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Does everyone in your workplace know what your mission is? Do you trust them to understand it and act upon it within the context of their ability, curiosity, and passion? Then give them a story to tell.
Instead of thinking about, and investing in, the tools, culture, and process inherent to secrecy, enable the people in your company to share their stories where everyone in the workplace can see them--anytime. Make as many facts available as you can, and keep making it easier for your employees to find, analyze, and contribute to those facts.
Make it mandatory to blog, and you are bringing the company into the bathroom. Make it hard to edit "the intranet," and you're taking the soap out of the dispenser. Give your employees a file server, and the garbage can is always full of slightly used paper towel.
What if you put a shelf in the bathroom with a nice hand wash dispenser, a couple of nice, fine linen washcloths, and velcroed an iPad to the wall, directly above the shelf? Then anyone can add their piece after they've added their piece. You are listening to people where they are. (And if the crapper analogy seems too crass for you, think of the water cooler or the hallway or the elevator. Where does everyone have to go anyway? Go there and give your employees the tools they can use to share there.)
What is the risk? There's math we can use to quantify the risk. The risk is measurable using the ruler of your company's social media policy. Are you afraid your employees will out secrets that could damage your bottom line, if you encourage them to use social media? Go ahead, admit it. You are afraid they will talk about you behind your back. Too late.
The only reason they are doing it in the crapper instead of your office or the conference room is because you've created an environment without full transparency and flexibility.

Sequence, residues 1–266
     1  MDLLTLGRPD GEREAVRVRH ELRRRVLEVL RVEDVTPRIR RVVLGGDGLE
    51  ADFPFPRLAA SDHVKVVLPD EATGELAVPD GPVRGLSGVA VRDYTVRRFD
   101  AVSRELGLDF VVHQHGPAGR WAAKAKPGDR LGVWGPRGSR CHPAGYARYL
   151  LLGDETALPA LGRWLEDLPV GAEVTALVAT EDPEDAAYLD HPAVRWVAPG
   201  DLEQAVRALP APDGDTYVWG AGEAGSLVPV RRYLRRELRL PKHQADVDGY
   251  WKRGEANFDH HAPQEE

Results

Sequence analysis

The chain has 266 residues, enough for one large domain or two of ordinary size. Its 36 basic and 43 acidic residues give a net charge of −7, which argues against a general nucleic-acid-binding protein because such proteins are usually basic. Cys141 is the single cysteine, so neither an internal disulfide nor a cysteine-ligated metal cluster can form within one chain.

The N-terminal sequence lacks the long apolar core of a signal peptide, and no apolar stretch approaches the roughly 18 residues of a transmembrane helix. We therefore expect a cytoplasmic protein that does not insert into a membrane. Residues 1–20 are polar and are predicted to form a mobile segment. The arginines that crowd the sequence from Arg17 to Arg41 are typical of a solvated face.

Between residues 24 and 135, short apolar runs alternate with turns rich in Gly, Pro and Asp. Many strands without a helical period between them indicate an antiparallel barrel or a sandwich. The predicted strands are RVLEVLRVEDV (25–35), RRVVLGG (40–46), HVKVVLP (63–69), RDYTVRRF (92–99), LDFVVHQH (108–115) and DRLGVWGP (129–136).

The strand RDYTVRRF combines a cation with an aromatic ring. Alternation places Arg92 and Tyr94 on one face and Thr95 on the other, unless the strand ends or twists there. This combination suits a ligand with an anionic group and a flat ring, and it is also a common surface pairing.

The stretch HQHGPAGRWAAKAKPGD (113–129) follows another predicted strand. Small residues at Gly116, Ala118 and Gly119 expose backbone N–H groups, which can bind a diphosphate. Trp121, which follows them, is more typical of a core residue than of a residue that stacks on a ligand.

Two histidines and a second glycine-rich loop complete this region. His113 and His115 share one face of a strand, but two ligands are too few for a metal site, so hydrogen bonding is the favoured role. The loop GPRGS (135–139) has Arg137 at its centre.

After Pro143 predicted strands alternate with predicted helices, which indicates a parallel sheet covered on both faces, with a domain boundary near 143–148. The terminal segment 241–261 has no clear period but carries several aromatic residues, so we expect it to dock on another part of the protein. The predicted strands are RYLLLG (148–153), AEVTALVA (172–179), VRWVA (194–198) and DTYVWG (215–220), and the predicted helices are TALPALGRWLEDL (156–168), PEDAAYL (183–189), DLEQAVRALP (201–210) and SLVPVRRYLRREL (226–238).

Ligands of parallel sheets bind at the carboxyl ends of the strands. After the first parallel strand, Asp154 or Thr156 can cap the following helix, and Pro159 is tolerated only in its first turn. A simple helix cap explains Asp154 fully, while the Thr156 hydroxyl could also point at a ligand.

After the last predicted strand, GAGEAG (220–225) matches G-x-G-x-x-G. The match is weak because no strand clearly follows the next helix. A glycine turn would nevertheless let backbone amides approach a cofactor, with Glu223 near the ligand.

Collaborate in a transparent information environment. Make all of the substance of work visible to everyone in the organization, even down to the level of compensation, accounting, and cost. The initial mistakes of perception that lead to bad outcomes--customer loss, employee loss, missed deadlines, litigation--are far less likely to occur in this environment. The risk of error goes down over time the more attention dedicated people pay to anything.
People who want to do bad things don't like the light, and tend to self-select away from such environments. No one will have to police your culture if it is always visible. This leaves your organization free to focus on its mission, which will increase its value over time to your employees and their families, your customers and their customers, and your community.
Today, all of your employees are guaranteed to have one mission in common: taking a crap. What can you do to make the cultural, social, and communications foundation of your company's mission as certain as that?